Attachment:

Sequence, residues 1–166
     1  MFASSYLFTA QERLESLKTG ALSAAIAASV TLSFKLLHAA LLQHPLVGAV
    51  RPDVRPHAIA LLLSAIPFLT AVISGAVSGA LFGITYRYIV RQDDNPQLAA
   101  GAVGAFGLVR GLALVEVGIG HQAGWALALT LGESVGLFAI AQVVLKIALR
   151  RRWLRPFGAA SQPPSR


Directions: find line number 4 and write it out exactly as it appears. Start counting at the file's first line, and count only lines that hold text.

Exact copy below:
   101  GAVGAFGLVR GLALVEVGIG HQAGWALALT LGESVGLFAI AQVVLKIALR